Rochon adamant that he will not resign
The exchange continued for eight minutes: eight minutes that felt like an hour. POC at IC on the stage. Tom Rochon in the back of the crowd, his feet planted firmly on the steps outside Campus Center. POC at IC asking Tom Rochon to approach the stage. Tom Rochon holding a megaphone and speaking from afar. POC at IC and the crowd urging him to come forward. Tom Rochon’s refusal emblematic of all that is wrong at the college. Tom Rochon, finally after eight minutes, coming forward. POC at IC expressing their demands, the most pressing of which is the resignation of Tom Rochon.
Approximately 300 students gathered around Free Speech Rock Dec. 11 to demand Ithaca College President Tom Rochon resign. Organized by the student activist group POC at IC, which stands for People of Color at Ithaca College, the “Demands Walk-out” called for students to wear all black, leave their classes at 1:10 p.m. and walk to Free Speech Rock to hear the demands of the group and “observe Tom Rochon’s display of incompetence to lead as President of our institution,” according to the Facebook event description.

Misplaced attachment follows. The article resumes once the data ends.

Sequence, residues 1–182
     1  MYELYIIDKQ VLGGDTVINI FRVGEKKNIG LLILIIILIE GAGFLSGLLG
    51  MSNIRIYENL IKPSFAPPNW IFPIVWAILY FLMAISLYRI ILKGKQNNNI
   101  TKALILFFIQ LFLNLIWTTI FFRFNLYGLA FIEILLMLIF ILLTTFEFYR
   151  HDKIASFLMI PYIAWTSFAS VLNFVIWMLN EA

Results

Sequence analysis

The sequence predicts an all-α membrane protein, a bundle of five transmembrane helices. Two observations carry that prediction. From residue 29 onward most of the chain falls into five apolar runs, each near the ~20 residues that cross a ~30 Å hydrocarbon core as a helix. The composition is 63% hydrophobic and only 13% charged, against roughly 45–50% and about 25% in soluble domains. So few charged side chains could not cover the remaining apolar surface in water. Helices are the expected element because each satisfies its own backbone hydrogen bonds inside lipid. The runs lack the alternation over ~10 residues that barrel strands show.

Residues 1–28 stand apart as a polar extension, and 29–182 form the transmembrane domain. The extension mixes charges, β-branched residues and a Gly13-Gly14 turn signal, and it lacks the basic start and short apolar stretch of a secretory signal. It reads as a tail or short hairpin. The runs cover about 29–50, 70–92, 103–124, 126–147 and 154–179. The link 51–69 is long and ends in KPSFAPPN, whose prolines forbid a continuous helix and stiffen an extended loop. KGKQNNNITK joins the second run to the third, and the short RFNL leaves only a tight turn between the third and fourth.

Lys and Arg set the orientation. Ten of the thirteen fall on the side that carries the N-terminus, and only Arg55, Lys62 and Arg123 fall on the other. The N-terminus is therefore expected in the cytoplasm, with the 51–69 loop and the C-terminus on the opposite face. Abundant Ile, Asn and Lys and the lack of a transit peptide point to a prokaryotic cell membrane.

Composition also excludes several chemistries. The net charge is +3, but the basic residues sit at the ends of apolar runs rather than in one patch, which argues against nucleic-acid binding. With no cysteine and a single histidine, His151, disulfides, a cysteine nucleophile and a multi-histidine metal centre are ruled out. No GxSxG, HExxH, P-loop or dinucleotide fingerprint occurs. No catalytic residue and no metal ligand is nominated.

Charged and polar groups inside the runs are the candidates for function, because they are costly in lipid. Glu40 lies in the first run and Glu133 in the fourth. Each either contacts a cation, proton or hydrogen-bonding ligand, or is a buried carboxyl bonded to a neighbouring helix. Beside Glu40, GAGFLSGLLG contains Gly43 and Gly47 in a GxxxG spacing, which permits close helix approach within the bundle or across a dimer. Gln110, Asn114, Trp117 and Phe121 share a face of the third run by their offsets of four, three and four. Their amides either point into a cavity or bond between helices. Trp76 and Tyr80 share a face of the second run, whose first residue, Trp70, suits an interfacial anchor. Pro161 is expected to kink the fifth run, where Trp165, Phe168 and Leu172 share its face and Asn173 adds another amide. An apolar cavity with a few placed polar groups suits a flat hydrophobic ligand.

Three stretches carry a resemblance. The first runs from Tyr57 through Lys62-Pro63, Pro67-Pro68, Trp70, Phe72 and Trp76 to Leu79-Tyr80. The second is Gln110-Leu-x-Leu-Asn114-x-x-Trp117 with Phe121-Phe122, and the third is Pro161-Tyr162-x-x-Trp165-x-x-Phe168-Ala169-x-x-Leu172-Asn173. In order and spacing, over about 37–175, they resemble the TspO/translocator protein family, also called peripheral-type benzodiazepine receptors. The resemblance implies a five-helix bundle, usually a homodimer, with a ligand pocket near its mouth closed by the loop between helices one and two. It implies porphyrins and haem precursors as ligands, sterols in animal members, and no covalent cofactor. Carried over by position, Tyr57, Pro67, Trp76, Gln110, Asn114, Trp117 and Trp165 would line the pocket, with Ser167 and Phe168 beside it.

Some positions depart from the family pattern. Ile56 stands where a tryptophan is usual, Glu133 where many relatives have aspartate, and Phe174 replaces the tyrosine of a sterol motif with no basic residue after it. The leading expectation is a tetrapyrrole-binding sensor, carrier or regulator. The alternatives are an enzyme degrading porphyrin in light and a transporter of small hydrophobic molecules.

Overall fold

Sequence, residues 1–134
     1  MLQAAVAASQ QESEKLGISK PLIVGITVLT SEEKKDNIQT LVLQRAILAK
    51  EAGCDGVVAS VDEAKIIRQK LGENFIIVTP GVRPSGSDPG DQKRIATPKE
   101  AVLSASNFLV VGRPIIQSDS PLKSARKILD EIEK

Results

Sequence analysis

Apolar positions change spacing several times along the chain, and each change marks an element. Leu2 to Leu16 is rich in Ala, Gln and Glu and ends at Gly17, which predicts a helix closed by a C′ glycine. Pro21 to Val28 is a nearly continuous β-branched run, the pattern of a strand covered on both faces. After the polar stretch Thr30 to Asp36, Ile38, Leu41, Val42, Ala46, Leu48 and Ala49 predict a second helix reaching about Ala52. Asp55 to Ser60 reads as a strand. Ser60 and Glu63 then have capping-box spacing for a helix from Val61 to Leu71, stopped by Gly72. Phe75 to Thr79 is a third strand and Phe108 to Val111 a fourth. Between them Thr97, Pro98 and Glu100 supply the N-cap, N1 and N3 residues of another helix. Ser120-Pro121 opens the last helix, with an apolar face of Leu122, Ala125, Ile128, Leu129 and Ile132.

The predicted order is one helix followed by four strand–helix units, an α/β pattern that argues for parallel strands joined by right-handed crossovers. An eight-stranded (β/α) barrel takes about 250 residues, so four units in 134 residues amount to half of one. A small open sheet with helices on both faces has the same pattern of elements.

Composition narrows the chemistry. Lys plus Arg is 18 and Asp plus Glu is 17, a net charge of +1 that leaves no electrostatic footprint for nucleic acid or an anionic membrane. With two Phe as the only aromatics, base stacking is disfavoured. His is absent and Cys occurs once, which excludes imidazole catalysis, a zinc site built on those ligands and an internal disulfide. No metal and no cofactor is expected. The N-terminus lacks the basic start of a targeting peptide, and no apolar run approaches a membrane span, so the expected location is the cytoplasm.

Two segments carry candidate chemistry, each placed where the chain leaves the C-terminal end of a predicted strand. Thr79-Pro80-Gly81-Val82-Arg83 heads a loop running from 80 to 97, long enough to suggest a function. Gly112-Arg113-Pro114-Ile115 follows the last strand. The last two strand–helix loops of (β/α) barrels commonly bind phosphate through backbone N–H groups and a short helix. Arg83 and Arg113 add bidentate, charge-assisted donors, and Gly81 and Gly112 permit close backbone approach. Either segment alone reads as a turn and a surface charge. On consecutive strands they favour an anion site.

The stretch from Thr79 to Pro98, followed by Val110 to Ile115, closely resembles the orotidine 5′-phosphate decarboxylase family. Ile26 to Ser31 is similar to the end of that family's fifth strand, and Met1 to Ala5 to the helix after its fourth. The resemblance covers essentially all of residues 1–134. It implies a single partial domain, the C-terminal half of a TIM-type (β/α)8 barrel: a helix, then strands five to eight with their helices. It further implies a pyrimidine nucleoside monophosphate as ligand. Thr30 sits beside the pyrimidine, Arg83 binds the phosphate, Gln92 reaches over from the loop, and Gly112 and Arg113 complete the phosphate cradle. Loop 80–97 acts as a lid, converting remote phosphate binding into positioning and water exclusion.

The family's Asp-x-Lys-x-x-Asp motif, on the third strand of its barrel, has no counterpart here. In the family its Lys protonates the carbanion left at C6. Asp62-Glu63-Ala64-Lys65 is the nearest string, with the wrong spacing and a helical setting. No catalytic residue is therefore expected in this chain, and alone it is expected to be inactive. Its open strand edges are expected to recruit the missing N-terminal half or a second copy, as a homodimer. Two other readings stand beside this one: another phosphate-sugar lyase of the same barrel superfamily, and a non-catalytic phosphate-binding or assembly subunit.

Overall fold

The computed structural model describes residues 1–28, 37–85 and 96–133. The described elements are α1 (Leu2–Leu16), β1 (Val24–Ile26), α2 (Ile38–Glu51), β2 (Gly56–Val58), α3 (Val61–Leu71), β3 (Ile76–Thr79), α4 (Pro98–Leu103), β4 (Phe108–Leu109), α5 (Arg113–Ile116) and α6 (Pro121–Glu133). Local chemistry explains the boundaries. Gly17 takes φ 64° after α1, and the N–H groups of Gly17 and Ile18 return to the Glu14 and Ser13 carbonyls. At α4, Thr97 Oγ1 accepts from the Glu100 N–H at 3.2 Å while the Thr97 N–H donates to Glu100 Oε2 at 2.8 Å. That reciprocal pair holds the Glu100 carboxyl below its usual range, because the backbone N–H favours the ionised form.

The first demand, a demand that POC at IC said is non-negotiable, is Rochon’s resignation as president for failing to create a safe and inclusive campus environment. However, after the event Rochon said he is not considering resigning.
Other demands included an amendment to the college’s policy that would allow students, part-time and adjunct faculty, full-time faculty and staff to elect a new college president through a democratic process. This demand also listed qualities that are necessary in a college president, including but not limited to the “respect for the human dignity of all students, faculty and staff of color” and a president who is accessible, approachable, empathetic and competent in working with people of different backgrounds.